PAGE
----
2019 in Review and Region Free Gamers Turns 2!

2019 in Review and Region Free Gamers Turns 2!

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On January 11, 2018, a crew of four guys that had met on Instagram launched a podcast episode setting out their intent in joining the wide world of podcasts and also looking back on the amazing year in games that was 2017. In hindsight, that episode is more than a little rough, our audio quality leaving a lot of room for improvement, our verbal tics being quite prevalent, and the guys perhaps not being as mindful of taking up too much air time. But still, there was something worth pursuing there, and it is hard to imagine that this episode was the first time that we all actually spoke in person.

Two years later, we find ourselves looking back on our growth and the year in gaming that was 2019. Although two years may not seem like much, a lot has happened for the podcast. We have steadily built a community of loyal listeners and our episodes consistently hit a pretty good number of downloads. We have launched this website, which is still in its infancy, and we have launched The King of Games 98 tournament, which has allowed us to release an episode a week, which we thought was not possible just a year ago.

We have also added two new hosts to our rotation in Geoff and Anthony. Each of them brings an individual and idiosyncratic personality and voice that stands out. Geoff speaks passionately about the games he grew up loving and can even challenge Ozzy in ranting about a particular game he did not like (looking at you Bloodstained). Anthony brings his Bronx personality to the pod, with a comedian’s sensibility and a keen sense of pop culture history. It also helps that he is now the oldest member of the pod.

3/5 of the crew from the left: Arnie, Anthony and Ozzy repping Sony.

We also can’t ignore the elephant in the room, and that is that we are short one of our founding members in Masa. He brought a deep baritone voice, a strong loyalty for Nintendo and a willingness to “punch mother******* in the face.” We do not need or wish to go into details about why we parted ways, but rest assured that we would still love to bring him back for an episode if he is up to it. Certainly there is no better person to speak about the Dragon of Dojima. If you are reading this buddy, thank you for being an integral part of making this show happen.

This is all to say that we are very happy to be here, talking about the year that was 2019 with all of you. We say it often, but the best part of doing this is hearing from all of you that you tune in each week and that you appreciate what we are doing. So, from all of us, thank you!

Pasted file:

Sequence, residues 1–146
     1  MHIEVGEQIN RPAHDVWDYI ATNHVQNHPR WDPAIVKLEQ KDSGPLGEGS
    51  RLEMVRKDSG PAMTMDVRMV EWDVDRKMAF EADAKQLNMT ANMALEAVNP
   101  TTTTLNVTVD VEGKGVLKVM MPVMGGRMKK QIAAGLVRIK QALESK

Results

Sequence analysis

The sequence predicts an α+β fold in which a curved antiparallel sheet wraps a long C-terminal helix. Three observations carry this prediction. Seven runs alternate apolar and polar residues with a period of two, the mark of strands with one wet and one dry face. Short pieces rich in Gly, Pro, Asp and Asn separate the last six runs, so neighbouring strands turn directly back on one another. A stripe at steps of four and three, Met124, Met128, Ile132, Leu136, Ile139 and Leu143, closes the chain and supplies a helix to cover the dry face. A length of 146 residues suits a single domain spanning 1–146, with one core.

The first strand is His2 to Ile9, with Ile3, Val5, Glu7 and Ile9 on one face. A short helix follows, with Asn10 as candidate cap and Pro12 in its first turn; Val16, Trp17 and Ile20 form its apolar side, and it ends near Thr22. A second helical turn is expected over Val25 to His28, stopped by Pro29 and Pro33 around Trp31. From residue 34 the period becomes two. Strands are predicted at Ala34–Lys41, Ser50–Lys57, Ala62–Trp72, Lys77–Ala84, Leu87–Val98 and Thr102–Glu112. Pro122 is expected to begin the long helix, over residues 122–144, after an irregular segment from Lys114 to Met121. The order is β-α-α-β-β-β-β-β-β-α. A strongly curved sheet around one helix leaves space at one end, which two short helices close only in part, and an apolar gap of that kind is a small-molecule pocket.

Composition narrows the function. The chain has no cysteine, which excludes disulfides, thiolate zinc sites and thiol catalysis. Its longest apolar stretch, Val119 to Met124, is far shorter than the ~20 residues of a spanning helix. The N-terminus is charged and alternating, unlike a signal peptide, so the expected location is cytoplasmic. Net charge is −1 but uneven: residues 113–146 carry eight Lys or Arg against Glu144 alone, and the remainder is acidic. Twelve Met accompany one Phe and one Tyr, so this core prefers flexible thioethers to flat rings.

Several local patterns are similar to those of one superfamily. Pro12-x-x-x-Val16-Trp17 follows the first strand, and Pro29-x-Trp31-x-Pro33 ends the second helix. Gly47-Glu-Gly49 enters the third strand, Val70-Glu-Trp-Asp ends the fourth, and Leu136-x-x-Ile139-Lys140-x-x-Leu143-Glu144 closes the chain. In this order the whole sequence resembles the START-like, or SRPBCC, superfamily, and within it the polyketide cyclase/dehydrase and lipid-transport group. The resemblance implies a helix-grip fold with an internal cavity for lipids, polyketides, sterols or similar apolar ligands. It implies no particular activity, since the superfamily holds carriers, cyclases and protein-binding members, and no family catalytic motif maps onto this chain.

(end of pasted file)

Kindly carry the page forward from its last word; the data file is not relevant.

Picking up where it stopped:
With that said, here are each of our picks for our favorite game that we played in 2019 that was not from 2019, our runner-up favorite game of 2019 and, lastly, our favorite game of 2019. Here are each of our hosts talking about their picks.


Fist of the North Star: Lost Paradise

“Being a huge fan of the 80’s manga icon means I was always going to be intrigued by a FOTNS game. Combine that with a game from the Yakuza team and my expectations were sky high. Well, Lost Paradise absolutely delivered on it. Whilst the gameplay isn’t a huge step away from Yakuza, the world, setting, characters and utter ridiculous strength of Kenshiro all combined to a fun and memorable experience.  The usual side quests bloat up some of the time you spend in order to help you level up and the bizarre jobs you can pick up reek of laziness from the developers BUT it actually all adds to the joy and silliness that the world of the crack fist inhabits.  Aside from hunting down Yuria and trying to defeat his elder brother in order to bring some semblance of peace to the post-apocalyptic world, Buronson created a mostly over-the-top and ridiculous world and this game captures it perfectly.”

Sekiro: Shadows Die Twice

“To be honest, this game was always going to be near the top for me seeing as I’m a big SoulsBourne fan. However, it’s important to note that doesn’t mean I’m great at their games. And that’s where this game drops some points vs the Dark Souls of this world, you’ve got to be great at it to both enjoy and beat it. Sekiro is a gorgeous game, easily the best looking game FromSoftware has released to date. The story is deep and the characters are interesting and strangely fleshed out, considering who’s in the driving seat.  For most of the time it delivers a great challenge that gives you a sense of reward when you manage to defeat either a mid-level or “end stage” boss.  Unfortunately, the tried and tested gameplay of learning by failing goes against it more so than ever in Sekiro. Being a legendary Shinobi with a prosthetic limb giving you a range of helpful abilities would make you think you stand a fair chance of going toe to toe with the enemies in the game, but you start off a complete noob, so the sense of realism within the game world is immediately broken.  Is it fun to get your arse kicked by every boss 10 times before you nail it? Is it fun to spend 10 minutes having to perfectly deflect every attack?  After 40 hours, I’d have to say no.  All in all, it’s a top game from a consistent developer and I enjoyed it a lot but the beat downs I endured meant it failed to claim that top spot.”

Resident Evil 2